It’s a complicated process, and Planet Zoo has a steep learning curve as a result, but the more you play, the easier it becomes to understand – to a point, at least. There are four game modes on offer, which, when combined, create more content that you might ever be able to play. The career mode takes you on a worldwide tour across 12 levels, putting you at the heart of a dramatic story as it asks you to complete a variety of different objectives to proceed. Challenge mode takes those Career levels and adds a never-ending string of challenges (as the name implies), and Sandbox mode lets you build without limits, while Franchise mode lets you create a series of connected zoos that span the globe.
The aim with career mode is to introduce you to all the core elements of Planet Zoo’s gameplay before being let loose on the more creative, freeform modes, moving you from tutorial to tutorial in a way that the team’s previous game – Planet Coaster – struggled to do. It certainly does a better job than its forebearer at introducing the basics, but when, in the fourth chapter of the career mode it throws you onto a blank canvas plot of earth and tells you to build a zoo from scratch and make money, it feels like a step too far, too soon.
The early levels do well to teach you about how to build habitats, and how to keep your animals happy and healthy, but don’t do much to tell you about how to make a financially stable business, which as you can imagine is quite the task. There are heatmaps to make things a little easier, but it’s a complicated feat that keeps you on your toes at the best of times, and ridiculously infuriated at its worst. Planet Zoo is game that – despite the effort to explain more about its systems through natural play – would benefit from having way more tutorials, especially when it comes to tips and tricks to keep your zoo’s finances in the black. Coming into Chapter 4 in Career Mode, or attempting to dive into any of the other modes, with no guidance whatsoever feels like Frontier has taken the training wheels off and thrown them into the sea, which is a bit of a system shock after the first three level’s helpful step-by-step tutorials.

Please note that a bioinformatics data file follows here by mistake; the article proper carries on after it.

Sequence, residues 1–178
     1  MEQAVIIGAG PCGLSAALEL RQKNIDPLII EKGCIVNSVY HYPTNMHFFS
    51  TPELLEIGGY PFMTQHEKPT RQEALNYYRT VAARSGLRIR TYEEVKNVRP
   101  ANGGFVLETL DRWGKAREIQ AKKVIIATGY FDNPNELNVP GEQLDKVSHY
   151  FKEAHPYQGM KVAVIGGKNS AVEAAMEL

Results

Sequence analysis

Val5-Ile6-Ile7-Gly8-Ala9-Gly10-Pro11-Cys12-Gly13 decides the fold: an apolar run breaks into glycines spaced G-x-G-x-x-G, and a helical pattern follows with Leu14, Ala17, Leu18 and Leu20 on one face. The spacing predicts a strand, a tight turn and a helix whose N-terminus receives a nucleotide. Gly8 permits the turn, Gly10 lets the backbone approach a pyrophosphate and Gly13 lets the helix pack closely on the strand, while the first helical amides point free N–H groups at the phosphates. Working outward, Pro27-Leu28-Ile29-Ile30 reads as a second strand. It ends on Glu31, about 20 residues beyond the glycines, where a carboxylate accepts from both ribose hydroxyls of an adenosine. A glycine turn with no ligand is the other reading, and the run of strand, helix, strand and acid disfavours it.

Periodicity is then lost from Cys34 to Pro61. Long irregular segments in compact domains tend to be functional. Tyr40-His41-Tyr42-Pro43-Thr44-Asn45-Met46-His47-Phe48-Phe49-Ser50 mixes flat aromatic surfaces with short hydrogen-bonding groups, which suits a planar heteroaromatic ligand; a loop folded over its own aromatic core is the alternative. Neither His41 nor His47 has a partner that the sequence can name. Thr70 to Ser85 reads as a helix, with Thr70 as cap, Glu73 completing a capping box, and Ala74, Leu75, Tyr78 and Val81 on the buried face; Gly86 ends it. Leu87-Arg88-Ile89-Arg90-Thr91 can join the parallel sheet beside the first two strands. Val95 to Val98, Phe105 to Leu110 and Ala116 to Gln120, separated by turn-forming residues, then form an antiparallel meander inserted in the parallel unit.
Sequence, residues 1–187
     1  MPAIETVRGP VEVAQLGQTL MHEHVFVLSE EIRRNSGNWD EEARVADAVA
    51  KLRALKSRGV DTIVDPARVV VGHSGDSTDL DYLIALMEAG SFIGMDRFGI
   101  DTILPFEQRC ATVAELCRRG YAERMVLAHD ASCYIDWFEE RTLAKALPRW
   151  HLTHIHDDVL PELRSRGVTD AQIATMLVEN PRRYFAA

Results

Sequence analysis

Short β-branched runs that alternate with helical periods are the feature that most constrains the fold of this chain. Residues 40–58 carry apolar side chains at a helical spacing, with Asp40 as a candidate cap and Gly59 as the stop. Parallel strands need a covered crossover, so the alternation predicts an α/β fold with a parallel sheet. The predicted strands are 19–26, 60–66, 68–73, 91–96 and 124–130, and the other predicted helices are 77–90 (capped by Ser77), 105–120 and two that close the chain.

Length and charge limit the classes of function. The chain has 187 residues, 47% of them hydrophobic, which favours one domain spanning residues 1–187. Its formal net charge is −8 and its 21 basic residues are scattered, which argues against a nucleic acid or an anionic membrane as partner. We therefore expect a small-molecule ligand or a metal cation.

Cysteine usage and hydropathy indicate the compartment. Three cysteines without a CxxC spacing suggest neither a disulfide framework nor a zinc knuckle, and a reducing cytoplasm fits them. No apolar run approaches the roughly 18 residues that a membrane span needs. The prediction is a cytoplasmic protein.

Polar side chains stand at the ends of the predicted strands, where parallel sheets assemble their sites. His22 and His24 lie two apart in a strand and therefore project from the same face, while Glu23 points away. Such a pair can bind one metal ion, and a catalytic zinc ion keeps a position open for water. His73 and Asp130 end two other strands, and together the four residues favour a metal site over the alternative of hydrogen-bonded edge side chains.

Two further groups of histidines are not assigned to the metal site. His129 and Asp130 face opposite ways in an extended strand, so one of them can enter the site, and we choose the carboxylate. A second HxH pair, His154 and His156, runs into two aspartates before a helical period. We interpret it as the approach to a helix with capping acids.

Thankfully, when it comes to the actual building, the community already has your back. There is a raft of beautiful habitat, exhibit and other designs that the more talented Planet Zoo aficionados have put together that you can literally just drop into your zoo as prefab-additions. If you don’t want to be that creative, you can let someone else do it for you. I had a lot of fun building monkey gyms by hand though, trying to mimic the beautiful levels found throughout the career mode, even if the rotation and movement tools can be a little fiddly when combined with camera angle oddities.
It’s not the easiest game to understand by any stretch. The road to review was riddled with bugs and quirks, which seem to have been alleviated with a Day One patch, but Planet Zoo can be impenetrable, particularly for those not used to a game in this genre offering quite as much depth as this. But this is a game that will give back as much as you put in. If you’re prepared to spend a good portion of your first few hours with Planet Zoo confused and bemused, to eventually be creating your dream zoo and sharing it with the world, then this could be one of the most rewarding – and adorable – games you’ll experience this year.
4 OUT OF 5
Planet Zoo is a complex, deep simulation game with too much to give, if you can get past the minimalist tutorials.
- Gloriously realistic animals
- Rewarding gameplay loop
- Educational fun
- Needs more tutorials
- Can be ridiculously frustrating